Aditi Bhaskar

AP Computer Science Principles is a logically stimulating class!

Decoding AP Computer Science Principles

AP Computer Science Principles, often shortened to AP CS P, is taught by Ms. Sujatha. AP CS P covers topics from binary to coding to how the internet works. “The big picture of our class is learning how to code and learning how computers impact modern life,” summarizes Freshman Aarush Palve.

As any AP class goes, there’s a lot of material to cover. For the first quarter the class learned theory. Senior Jesse Hayworth says they had practiced “representing data in binary, how to use & apply algorithms to binary data, how to translate binary data, and common computer components.”

Second quarter, the class transitioned to programming activities. The class works “primarily in JavaScript on code.org,” and briefly “learned some Python” in the middle, says Jesse.

Aarush comments that the class schedule is quite structured, with “a lesson on Monday and do some graded work on code.org with a test on Friday,” which takes most of Friday’s class time.

Jesse says, “instruction is alternating between work as a class on the board vs work on our own.” Recently, the class covered “functions & parameters.”

The lesson on Monday is lecture style, says Junior Yubin Kim. “Ms. Sujatha teaches us some important concepts on board during the first part of the class. After the lecture, we often do simple group work and start working individually on Code.org.” A nice thing about the class is that students “get a lot of time to do our work and ask Ms. Sujatha for help.”

working on cs p problem
Practice on Code.org! This one is a rock-paper-scissors game. (Yubin Kim)

Aarush enjoys the independent work time, because he gets to “collaborate with other people. Most people in class talk to each other and there is a lot more human interaction in the class.” Yubin adds that independent work time is her favorite part of the class, because “we can get a lot of help. Asking questions and getting help is really important in programming.” Programming is a skill that involves developing a logical thinking process, and is best improved by solving various problems independently, like in mathematics.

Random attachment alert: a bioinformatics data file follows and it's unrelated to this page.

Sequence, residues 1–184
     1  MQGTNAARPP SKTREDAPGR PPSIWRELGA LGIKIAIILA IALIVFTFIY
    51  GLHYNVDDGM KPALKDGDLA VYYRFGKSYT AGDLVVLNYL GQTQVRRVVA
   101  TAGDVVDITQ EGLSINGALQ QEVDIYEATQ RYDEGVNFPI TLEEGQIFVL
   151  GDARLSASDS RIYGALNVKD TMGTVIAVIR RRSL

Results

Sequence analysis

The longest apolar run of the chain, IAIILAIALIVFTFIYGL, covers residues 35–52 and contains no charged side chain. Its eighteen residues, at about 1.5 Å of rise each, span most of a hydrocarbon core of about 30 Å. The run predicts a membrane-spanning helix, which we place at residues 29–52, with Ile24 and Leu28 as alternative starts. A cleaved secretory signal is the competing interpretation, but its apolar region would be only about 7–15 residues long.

As far as homework goes, the general consensus seems to be: nothing except for incomplete class work. “I don’t have any homework in CSP, but if you don’t finish your in-class work you may get 30min-1hr of homework per week,” says Aarush. Jesse agrees that the homework is “very little” because students are “given plenty of in-class time” to complete assignments.

A reason why most students don’t have assigned homework is because homework mostly consists of studying for tests. Yubin explains, “We mostly finish all of our programming work during class. At home, we have to watch AP Daily videos for weekly quizzes and make quiz corrections if we want. I think these take about an hour and a half per week.”

Students take AP CS P for many reasons. Yubin enjoys learning “basic knowledge about computers and programming.” Jesse’s “favorite part is learning & applying javascript.” The 2021-2022 class was prepared well for the exam: over 90% of students who took the AP CS P exam passed.

AP CS P is not the only Computer Science class offered at Wilsonville HS! To learn a programming language without the workload of an AP course, “Computer Programming” teaches how to write code in Python. A more challenging Computer Science course to follow AP CS P is “AP Computer Science Applications” (AP CS A), which covers the thrills of writing code in Java, an object-oriented coding language. In AP CS A, students finally learn what a class really means!

No matter whether you’re interested in learning how to code, want to learn more about how computers communicate around the world, or are interested in taking a technology-related AP class, AP Computer Science Principles is a great choice to forecast for!